During that dizzying rush of recent Pat Robertson headlines, more than a few GetReligion readers protested that I was wrong to say the MSM should "excommunicate" him as a mainstream Christian, or even "evangelical," news source. After all, said these readers, the czar of The 700 Club was still the czar of The 700 Club. Well, you just knew that at some point a major newspaper or network was going to rise up to defend -- sort of -- the honor of the Religious Right leader that mainstream journalists most love to hate. As it turns out, the Los Angeles Times has taken up that challenge. Sort of. To tell you the truth, the article by reporter Faye Fiore (headline: "A Wholly Controversial Holy Man") is pretty good.
The bottom line: He still has lots of viewers and he may have more freedom to speak out now because he has little or no political clout at all. What he has right now is a camera and a satellite. Who does he speak for? Good question.
His evangelical peers have branded him "arrogant" for his comments, and students at the Christian university he founded worry that his candor could damage their school's credibility. The political left eagerly monitors his appearances on his spirits-raising morning show. What they find becomes fodder for talk-show monologues.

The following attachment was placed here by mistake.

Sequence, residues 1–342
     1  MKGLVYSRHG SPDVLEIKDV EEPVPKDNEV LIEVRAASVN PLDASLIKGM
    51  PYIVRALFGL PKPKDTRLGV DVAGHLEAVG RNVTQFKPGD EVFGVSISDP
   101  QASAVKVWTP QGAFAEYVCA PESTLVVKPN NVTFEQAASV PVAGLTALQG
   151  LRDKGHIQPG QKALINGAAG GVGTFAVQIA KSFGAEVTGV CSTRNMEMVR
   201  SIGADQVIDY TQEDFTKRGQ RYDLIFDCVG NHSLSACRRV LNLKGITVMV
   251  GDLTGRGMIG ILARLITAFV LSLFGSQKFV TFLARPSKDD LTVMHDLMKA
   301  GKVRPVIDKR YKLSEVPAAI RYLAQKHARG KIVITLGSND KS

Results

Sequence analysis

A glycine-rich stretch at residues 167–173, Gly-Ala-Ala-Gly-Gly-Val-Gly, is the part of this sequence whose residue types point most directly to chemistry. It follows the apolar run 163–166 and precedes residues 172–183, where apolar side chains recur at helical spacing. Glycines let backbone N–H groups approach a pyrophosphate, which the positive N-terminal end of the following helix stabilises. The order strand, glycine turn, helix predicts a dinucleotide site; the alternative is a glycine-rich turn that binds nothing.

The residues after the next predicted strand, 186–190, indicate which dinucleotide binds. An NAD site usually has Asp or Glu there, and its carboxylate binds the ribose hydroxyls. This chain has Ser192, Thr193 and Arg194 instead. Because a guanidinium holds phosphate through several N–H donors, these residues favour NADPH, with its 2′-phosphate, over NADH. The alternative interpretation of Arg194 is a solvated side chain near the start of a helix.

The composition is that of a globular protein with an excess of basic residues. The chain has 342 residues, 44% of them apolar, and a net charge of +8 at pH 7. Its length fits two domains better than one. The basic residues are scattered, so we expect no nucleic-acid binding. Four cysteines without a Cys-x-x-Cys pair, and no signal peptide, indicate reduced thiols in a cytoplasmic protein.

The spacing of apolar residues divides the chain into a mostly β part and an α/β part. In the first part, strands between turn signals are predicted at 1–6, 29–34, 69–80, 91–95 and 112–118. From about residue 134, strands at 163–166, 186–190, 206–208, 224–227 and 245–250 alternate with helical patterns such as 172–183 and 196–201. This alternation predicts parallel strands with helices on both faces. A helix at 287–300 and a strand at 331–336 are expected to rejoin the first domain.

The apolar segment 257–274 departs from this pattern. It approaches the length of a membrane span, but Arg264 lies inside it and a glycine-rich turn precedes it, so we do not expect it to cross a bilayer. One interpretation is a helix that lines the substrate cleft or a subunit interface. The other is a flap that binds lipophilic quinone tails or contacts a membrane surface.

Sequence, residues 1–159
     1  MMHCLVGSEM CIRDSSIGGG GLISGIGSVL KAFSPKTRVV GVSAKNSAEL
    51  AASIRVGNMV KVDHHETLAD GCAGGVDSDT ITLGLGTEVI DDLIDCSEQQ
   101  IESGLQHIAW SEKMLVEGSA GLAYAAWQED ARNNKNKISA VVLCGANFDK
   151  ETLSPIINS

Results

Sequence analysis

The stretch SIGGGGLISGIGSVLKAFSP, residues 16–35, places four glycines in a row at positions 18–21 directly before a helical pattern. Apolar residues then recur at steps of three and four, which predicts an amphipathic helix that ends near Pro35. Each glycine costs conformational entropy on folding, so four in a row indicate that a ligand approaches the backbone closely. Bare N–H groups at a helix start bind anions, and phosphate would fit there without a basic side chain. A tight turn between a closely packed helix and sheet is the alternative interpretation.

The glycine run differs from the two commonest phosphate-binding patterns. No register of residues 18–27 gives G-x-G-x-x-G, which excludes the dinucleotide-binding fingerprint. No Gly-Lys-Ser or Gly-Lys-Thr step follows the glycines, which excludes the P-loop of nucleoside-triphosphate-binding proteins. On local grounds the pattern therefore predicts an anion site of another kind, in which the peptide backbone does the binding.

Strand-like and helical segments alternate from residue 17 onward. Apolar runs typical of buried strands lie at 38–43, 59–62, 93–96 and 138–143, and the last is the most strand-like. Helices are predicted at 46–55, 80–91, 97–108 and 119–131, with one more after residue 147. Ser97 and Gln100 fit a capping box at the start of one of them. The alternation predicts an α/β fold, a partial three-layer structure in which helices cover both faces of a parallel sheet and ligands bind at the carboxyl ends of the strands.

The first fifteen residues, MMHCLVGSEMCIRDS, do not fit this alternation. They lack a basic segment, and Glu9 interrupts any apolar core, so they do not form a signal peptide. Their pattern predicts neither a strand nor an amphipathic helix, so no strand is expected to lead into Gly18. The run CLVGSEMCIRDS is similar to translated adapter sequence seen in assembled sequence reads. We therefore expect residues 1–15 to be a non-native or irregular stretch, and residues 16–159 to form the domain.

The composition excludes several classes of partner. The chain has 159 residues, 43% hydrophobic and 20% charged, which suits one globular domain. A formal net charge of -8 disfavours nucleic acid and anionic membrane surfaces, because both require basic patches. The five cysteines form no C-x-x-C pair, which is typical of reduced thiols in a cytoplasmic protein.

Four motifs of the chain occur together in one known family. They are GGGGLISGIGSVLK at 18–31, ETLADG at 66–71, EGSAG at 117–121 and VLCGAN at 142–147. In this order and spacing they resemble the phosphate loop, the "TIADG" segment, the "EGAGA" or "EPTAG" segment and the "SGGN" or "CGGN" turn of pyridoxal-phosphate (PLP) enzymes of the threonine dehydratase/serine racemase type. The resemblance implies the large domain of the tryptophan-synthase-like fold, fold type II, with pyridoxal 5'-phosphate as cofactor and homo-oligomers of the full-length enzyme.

"Pat Robertson said that Israeli Prime Minister Ariel Sharon's massive stroke was God's punishment for him giving up Israeli territory. ... If you are playing along at home, this is Pat's first idiotic statement of the New Year," Jay Leno quipped. ...
(At) age 75, and freed from the need to marshal political capital, Robertson seems even less restrained than ever. His verbal grenades sound more like bombs, and even those in the evangelical community are noticing.
The key word there is "even." In reality, Robertson's clout among evangelical Protestants has been fading since he was all but invisible during the 2000 Bush campaign for the White House.
So what power does he have? As it turns out, Fiore reports that Robertson does have clout in one major corner of the Christian marketplace -- public relations. He has the ability to threaten the companies that produce products for shelves in Christian stores.
Yes, Robertson is a mini-Oprah.
... Robertson's reach is vast. "The 700 Club's" average daily audience exceeded 830,000 this season, according to Nielsen Media Research, down from 1 million a decade ago but formidable enough that some dare not incur his notorious wrath.
"He's like a little bitty Oprah among evangelicals," said Doug Wead, an author and former advisor to President George H.W. Bush. "He's got a talk show, so if someone comes out and says Pat's a little goofy, he is going to have to accept the fact he won't be on Pat Robertson's show when his book comes out."
There's much more to read, but I think I had better be quiet. After all, I have a book out right now.